Have I mentioned how much I love being Sophie’s stay-at-home dad?
I won’t lie, I was a little freaked out going in. Leah likes to tell people that I’ve had more experience with babies than she has, but my younger siblings are all in their 20s now — that was a long time ago. I wasn’t sure how I was going to be able to get any work done. But honestly, Sophie’s a peach (and a Bean). She sleeps, she wakes up, she eats, we play, repeat. Today, we actually had some sun, for the first time in I don’t know how long, so she and I went for a little walk.
Driving back from the hospital the night she was born, I realized that everything I’d ever worried about in my entire life was totally meaningless next to what had just happened. Just a mosquito’s hiccup in the wind. Everybody tells you how your life changes the instant your child is born; it’s one of those things (for me, anyway) that you hear so often it doesn’t really register anymore. But it’s absolutely true.
It seemed like we waited forever for Sophie to be born, and I realize now that the whole time, I was certain on some level that there was no way this could all work out. I mean, making babies is pretty simple and lots of fun. But I guess — if you’re me, anyway — as soon as you want one, it seems like you’re going to need an endless list of things to happen perfectly, exactly right just to have a happy birth. (And then the real worrying begins, right?)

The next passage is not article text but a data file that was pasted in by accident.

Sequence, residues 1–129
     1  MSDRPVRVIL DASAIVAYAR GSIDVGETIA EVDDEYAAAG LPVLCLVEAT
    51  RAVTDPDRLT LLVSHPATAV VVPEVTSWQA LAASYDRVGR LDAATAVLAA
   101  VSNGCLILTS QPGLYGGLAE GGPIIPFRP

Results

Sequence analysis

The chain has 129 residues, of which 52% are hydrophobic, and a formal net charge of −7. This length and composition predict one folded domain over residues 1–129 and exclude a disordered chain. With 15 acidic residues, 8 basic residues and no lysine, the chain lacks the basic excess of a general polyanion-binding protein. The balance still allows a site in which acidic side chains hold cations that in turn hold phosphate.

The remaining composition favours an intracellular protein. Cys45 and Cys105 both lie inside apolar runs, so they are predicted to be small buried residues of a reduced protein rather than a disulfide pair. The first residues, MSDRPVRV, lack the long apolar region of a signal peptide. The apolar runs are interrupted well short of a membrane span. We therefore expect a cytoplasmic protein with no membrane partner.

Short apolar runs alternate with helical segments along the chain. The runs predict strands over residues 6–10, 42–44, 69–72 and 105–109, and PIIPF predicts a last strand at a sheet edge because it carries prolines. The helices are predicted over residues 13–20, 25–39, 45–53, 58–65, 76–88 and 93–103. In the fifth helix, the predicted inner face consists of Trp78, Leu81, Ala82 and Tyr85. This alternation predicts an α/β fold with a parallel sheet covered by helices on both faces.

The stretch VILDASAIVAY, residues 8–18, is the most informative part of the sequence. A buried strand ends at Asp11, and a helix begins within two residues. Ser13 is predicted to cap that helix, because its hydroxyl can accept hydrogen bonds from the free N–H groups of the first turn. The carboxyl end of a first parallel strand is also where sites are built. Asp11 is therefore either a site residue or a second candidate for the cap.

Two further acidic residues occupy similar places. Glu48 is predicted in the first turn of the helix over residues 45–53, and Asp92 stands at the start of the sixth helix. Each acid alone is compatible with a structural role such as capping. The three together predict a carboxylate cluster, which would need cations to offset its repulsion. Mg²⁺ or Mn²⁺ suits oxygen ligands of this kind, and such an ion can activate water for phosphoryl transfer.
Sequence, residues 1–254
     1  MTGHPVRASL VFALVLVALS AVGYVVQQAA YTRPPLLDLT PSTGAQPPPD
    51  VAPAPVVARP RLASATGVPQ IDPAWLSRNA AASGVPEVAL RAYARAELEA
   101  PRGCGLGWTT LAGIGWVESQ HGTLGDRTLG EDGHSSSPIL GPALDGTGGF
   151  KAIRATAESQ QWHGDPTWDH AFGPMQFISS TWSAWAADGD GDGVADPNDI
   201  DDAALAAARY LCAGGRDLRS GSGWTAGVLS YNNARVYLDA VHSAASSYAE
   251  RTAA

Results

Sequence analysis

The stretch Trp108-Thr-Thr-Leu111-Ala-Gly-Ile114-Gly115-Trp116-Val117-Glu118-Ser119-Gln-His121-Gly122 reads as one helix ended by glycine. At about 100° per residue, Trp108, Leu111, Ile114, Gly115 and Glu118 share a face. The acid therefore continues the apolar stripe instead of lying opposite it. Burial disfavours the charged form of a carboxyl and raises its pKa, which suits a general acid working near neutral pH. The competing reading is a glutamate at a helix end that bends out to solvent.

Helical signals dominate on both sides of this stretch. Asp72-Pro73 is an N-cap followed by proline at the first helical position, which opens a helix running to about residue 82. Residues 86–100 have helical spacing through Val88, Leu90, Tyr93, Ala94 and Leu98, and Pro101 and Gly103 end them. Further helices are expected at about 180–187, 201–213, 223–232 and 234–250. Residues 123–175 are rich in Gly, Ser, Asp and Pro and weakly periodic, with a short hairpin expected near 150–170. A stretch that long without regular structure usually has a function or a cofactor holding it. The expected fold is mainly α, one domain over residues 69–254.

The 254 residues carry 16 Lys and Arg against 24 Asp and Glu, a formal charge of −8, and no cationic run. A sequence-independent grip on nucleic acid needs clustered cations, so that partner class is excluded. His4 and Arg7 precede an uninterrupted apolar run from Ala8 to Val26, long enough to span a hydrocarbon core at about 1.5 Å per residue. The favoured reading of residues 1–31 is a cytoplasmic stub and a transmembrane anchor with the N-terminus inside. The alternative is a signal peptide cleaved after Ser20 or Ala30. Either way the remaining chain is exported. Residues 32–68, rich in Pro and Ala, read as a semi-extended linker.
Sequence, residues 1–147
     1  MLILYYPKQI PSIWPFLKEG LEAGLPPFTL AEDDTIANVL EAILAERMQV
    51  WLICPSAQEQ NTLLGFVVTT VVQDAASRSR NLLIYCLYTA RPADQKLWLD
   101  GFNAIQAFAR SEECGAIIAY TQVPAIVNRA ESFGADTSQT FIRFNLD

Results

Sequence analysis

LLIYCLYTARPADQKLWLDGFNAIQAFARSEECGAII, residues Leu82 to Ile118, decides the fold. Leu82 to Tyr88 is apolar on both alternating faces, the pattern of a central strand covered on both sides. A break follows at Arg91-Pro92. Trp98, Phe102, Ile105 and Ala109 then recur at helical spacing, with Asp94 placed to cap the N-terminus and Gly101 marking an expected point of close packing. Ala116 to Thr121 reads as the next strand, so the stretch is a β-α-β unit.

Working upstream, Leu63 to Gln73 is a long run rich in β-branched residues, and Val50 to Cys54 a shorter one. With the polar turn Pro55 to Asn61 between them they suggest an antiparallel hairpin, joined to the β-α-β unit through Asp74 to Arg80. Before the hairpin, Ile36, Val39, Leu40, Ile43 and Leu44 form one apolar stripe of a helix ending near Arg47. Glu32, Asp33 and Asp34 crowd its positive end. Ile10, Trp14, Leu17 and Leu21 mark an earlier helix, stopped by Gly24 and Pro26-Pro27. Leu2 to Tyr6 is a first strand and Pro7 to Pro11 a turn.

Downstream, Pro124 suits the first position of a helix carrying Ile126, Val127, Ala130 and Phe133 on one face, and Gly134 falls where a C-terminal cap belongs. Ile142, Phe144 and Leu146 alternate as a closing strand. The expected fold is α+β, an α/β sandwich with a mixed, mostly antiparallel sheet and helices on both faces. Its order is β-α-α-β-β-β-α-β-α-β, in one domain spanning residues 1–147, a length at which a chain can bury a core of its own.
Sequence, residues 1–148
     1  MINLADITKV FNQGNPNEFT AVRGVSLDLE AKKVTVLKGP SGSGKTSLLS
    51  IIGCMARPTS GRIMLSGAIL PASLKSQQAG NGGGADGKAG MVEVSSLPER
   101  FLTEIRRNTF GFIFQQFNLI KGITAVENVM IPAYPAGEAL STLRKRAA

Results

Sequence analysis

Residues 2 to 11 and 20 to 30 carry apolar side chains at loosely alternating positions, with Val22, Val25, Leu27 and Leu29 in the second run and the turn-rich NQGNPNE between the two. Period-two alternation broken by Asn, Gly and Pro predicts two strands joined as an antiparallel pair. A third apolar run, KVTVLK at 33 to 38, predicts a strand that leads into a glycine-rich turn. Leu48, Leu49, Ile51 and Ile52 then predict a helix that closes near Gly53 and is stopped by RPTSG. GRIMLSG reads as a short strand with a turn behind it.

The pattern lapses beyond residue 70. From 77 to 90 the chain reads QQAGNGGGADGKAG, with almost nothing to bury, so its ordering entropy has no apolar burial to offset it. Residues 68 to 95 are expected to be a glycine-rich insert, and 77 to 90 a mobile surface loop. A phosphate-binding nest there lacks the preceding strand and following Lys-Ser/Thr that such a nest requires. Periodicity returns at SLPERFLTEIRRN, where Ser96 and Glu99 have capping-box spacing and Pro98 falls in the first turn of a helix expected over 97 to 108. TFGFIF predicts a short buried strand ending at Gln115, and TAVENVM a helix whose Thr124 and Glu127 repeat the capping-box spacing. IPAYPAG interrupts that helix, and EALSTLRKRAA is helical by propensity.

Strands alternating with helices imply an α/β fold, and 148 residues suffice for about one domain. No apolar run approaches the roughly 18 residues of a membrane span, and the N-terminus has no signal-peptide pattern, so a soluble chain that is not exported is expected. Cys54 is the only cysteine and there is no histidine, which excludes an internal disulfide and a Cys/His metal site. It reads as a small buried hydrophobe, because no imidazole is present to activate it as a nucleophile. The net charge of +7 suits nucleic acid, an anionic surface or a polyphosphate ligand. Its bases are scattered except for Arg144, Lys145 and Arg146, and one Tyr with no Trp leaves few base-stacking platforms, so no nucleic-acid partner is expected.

I didn’t realize I was holding my breath after Sophie came out, but I was. And hearing her cry for the first time unleashed the sweetest flood of relief I think I’ve ever felt. There’s nothing like hearing that first cry. And then to hold her — to look at this living thing that’s really, holy crap, a part of you — well, wow.
I felt a tremendous amount of guilt at first. I mean, this is just an embarrassment of riches, too much for anyone to be blessed with, right? My wife, my family, my friends, my health, our baby. I spent some time waiting for the other shoe to drop — feeling like the unbelievably stupid way I’ve lived my life, combined with this unbelievable good fortune, was going to tilt the balance of the universe so far out of whack that the only way to fix the situation would be for the forces of the cosmos to pull some kind of “yoink” on the proud new parents.
And that’s another thing: Having a child has enabled me to, for the first time, really understand why people believe in God and religion. Not only is it comforting to believe in a being great enough to dwarf your immense new responsibilities, but it’s impossible not to look in your child’s eyes and want to believe in divinity. Some kind of universal plan for life. The idea that, if you get your ducks in a row, you can help shield your family from the bad stuff — or, barring that, the idea that things will be better in the next life, or the afterlife, or whatever.
Like I said: It changes you. Instantly.
I don’t feel guilty anymore, just incredibly fortunate. I couldn’t have imagined a better baby, and I can’t believe I get to stay home with her for awhile. Not many fathers get to spend this kind of time getting to know their child.
I’ve been a lot of things so far in my life, but nothing compares to fatherhood. She is both my main concern and my greatest joy. And it just keeps getting better.